Episode 20: Clean Code

Posted on 2011/12/25 by


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On episode 20, we discuss clean code. A few of the primary techniques for
achieving human-readable code are tabled, including using descriptive, clear
names, not mixing levels of abstraction, and code that does only one thing
without side effects. An interesting discussion arises on how clean code
relates to collaborative code development. Namely, we explore how code improves
by using consistent project style conventions and remaining humble in
the face of constructive criticism. It is also observed that a well-designed and
easily tested structure is a natural consequence of clean code. Ultimately,
this results in low-cost, easily-maintainable programs that work.

On today’s show our crew of hosts includes:

  • Jean-Christophe Fillion-Robin (special guest)
  • Luis Ibanez
  • Matthew McCormick (moderator)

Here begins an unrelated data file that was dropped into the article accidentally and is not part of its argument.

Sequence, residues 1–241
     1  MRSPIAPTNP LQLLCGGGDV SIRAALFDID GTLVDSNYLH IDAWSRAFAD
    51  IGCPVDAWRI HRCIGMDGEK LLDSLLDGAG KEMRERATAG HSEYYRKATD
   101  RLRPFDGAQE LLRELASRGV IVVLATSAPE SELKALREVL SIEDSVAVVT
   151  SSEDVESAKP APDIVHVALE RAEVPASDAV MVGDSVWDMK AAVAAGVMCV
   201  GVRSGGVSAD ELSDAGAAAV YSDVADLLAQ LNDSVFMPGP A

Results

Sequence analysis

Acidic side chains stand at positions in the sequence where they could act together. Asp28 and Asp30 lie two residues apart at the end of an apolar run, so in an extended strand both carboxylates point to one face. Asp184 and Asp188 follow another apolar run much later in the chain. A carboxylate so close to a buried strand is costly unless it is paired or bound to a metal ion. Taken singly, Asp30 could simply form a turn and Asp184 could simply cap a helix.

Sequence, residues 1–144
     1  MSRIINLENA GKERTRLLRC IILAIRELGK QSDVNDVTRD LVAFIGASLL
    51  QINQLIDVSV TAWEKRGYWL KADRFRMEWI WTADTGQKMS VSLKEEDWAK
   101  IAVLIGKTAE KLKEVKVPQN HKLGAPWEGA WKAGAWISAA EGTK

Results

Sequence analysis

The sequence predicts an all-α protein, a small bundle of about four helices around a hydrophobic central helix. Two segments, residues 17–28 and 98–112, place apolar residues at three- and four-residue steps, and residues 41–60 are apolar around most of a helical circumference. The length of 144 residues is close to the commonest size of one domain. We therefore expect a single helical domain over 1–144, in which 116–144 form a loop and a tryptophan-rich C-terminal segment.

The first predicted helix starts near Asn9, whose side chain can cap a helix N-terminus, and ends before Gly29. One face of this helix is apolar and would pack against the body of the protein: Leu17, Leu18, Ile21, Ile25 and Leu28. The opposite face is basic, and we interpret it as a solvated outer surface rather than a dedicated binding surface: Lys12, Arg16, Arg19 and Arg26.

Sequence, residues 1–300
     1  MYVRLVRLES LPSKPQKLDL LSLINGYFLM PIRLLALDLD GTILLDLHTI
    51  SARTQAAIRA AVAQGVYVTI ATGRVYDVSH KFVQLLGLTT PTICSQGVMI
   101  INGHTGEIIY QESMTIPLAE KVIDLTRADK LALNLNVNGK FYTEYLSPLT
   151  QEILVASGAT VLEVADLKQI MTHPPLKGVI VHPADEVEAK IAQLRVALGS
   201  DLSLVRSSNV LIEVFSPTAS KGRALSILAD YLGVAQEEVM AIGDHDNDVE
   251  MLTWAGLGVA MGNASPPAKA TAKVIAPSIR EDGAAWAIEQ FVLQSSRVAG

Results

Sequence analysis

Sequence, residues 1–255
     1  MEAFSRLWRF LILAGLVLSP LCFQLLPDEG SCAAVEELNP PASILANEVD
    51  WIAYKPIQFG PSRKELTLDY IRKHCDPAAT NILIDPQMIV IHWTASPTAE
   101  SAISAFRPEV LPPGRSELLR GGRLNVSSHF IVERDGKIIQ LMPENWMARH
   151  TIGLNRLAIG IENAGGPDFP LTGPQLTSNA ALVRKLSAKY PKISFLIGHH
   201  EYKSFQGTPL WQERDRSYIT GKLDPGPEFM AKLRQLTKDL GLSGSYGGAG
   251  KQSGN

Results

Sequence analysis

• Wes Turner (special guest)
  • Geraldine Van der Auwera

This week Jean-Christophe Fillion-Robin joins us from Kitware.
He is an R&D Engineer at Kitware working in the
Medical Imaging, Data Management and Software process areas. He is one of the
lead developers involved in the development of Slicer 4.0, a platform for
medical image segmentation, registration, visualization, and analysis.

Wes Turner also joins us from Kitware. He is a
Technical Leader at Kitware working in the Medical Imaging and Bioinformatics
areas. He has been developing software since the ’80s first as a defense
contractor, then as a graduate student, and now as an active participant in Open
Source communities at Kitware. Watching the ascendancy and decline of various
Software Engineering technologies has given him a great appreciation for
well-written, understandable code.

We again have Luis Ibanez, who can now can be considered
regular panelist. Indeed, he was the easiest panelist to edit, likely because
his public speaking skills were polished while recently teaching his
course on open source software practices.

Intro/Outro Music: ‘Dans un petit verre d’eau’ – David Löhstana

Show Links:

  1. Clean Code by Robert Martin (http://www.amazon.com/Clean-Code-Handbook-Software-Craftsmanship/dp/0132350882)
  2. How to write un-maintainable code. (http://thc.org/root/phun/unmaintain.html)
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